Blue Velvet’s enduring look: light and shade – plus the odd gas mask

David Lynchs classic is in cinemas again to celebrate its 30th anniversary. And in case youd forgotten, it has a style all of its own

The re-release of Blue Velvet this week serves as a reminder of how stylish it was perhaps a strange notion for a film in which Dennis Hopper wearing a gas mask is its most enduring, see-it-when-you-close-your-eyes image. But, as with all the best David Lynch productions, its the tension between a best-face-forward American glamour and a dark, stay-with-you horror that makes it so compelling, even 30 years after it was first screened. The opening shot of a white picket fence, blue sky and bed of roses is followed by the camera burying under the flowerbed to find an ear crawling with ants: the two sides of American suburbia for all to see.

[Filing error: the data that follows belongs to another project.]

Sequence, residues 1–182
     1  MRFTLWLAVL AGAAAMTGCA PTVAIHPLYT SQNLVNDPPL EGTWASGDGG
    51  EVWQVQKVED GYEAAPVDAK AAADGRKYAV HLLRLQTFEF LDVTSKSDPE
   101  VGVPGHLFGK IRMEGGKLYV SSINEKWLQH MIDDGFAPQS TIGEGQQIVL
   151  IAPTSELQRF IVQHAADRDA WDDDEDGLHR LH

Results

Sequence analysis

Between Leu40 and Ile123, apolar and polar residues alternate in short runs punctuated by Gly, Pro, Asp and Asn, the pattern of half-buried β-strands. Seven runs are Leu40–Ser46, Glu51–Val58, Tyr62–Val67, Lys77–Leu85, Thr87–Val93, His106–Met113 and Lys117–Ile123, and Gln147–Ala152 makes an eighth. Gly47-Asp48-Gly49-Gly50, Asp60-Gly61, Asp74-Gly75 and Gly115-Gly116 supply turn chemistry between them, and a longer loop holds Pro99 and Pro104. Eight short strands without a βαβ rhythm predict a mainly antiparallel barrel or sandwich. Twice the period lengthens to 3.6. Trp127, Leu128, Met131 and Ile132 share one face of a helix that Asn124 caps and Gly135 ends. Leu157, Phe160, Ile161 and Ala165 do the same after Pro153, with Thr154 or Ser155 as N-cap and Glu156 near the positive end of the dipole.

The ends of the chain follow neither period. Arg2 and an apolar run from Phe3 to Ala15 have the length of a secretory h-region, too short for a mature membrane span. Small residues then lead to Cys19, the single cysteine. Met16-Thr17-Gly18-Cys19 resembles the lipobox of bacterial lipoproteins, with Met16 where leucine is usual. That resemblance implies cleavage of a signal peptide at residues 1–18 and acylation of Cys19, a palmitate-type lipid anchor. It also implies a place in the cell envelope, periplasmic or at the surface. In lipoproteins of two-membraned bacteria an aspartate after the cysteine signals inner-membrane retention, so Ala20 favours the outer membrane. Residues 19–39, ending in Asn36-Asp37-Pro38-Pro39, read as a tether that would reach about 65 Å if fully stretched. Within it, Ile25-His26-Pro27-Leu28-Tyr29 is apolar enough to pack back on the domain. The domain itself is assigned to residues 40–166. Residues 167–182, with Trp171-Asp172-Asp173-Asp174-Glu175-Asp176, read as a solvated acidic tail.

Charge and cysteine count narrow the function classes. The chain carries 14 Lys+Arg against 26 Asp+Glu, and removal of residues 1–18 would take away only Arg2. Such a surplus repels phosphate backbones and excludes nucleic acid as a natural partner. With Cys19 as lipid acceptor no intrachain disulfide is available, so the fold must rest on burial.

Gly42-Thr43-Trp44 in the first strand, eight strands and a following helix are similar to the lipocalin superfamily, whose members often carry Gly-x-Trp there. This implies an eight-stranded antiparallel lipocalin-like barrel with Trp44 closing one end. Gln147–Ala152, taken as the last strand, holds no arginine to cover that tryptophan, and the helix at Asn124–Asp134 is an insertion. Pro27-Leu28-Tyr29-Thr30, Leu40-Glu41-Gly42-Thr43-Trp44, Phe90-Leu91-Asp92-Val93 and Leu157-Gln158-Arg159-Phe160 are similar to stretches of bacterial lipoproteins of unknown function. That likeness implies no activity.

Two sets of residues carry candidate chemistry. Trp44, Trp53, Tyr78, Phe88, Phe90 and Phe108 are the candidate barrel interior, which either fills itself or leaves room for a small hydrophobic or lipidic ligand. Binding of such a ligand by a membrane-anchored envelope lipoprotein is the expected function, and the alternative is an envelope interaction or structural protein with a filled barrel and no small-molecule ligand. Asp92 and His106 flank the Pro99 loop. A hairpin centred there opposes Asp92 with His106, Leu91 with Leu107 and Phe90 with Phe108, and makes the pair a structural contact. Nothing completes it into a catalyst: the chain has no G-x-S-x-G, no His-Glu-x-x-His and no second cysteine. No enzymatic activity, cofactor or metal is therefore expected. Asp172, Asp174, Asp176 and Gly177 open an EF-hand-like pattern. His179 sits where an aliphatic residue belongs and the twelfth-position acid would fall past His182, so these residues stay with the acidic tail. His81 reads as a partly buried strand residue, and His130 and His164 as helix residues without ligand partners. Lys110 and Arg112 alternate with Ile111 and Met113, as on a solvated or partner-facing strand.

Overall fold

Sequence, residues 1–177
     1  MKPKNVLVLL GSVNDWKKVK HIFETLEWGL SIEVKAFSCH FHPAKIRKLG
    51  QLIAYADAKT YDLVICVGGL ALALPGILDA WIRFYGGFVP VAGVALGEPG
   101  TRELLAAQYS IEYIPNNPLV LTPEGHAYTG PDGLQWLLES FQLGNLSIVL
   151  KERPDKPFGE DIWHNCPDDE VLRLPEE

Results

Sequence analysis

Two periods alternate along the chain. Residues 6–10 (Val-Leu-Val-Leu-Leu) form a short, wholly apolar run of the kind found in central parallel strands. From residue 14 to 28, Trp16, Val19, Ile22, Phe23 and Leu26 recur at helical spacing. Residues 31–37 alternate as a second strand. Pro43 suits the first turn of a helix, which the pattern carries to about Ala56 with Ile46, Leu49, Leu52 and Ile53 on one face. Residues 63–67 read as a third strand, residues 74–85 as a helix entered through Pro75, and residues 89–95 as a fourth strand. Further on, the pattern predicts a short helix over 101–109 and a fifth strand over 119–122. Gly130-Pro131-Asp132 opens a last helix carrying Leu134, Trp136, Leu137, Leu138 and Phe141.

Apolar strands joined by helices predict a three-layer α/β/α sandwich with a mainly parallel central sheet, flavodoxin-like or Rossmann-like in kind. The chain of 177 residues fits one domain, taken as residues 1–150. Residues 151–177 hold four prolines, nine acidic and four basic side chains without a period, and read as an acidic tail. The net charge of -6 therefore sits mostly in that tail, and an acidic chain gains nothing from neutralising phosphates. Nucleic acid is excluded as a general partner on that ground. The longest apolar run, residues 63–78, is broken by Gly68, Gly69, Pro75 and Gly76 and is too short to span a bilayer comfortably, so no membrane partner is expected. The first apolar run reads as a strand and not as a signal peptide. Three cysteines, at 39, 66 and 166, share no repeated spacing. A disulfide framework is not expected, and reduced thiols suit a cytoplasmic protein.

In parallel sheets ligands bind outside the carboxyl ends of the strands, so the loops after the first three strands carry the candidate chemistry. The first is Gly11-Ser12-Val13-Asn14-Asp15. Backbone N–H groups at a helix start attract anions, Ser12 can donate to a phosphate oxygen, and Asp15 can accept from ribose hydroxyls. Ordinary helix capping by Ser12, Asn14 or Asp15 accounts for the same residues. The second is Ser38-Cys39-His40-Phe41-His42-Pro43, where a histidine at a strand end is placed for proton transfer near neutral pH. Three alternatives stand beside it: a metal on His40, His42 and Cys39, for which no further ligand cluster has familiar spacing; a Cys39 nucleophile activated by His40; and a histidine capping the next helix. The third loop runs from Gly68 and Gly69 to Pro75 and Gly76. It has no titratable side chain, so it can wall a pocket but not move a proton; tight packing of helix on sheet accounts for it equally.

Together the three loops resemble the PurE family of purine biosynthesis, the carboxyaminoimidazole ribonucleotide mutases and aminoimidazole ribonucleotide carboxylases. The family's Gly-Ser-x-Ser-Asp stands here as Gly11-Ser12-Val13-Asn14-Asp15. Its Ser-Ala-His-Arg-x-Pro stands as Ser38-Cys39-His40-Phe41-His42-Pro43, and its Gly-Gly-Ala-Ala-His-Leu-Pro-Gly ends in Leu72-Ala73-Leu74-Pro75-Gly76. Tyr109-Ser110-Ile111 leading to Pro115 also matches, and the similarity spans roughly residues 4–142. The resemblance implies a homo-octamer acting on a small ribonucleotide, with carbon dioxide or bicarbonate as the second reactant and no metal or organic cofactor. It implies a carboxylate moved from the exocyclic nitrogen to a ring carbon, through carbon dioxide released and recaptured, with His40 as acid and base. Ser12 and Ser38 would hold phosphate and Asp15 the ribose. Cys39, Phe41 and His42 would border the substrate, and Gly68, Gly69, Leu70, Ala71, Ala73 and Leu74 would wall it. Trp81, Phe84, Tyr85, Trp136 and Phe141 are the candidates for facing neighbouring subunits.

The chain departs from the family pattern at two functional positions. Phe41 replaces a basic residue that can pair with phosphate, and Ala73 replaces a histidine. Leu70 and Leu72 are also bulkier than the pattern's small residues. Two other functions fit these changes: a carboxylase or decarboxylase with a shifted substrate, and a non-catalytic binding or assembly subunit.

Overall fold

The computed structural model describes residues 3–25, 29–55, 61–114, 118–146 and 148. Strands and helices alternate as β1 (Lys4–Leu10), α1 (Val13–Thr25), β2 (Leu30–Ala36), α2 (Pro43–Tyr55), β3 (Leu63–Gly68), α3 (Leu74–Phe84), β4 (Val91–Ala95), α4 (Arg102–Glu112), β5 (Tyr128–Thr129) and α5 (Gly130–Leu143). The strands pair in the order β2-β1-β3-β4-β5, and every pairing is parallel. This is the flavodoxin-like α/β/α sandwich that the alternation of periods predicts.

Dennis Hoopers Frank Booth with that blue velvet gown. Photograph: Allstar/WARNER BROS

Isabella Rossellinis blue velvet floorlength gown, red lipstick and big hair is the most iconic look of the film, of course, worthy of a costume party, or Lana Del Rey video. At home in her claustrophobic flat, shes a fantasy femme fatale, whether in bed with Kyle MacLachlans super-square Jeffrey Beaumont or abused by Dennis Hoppers terrifying Frank. Transformed to a nightclub singer, in sequinned strappy slip dress, shes another image of seduction. This dangerous, 40s-style glamour contrasts starkly with the strictly-daytime-hours, 50s wholesomeness of Beaumont.

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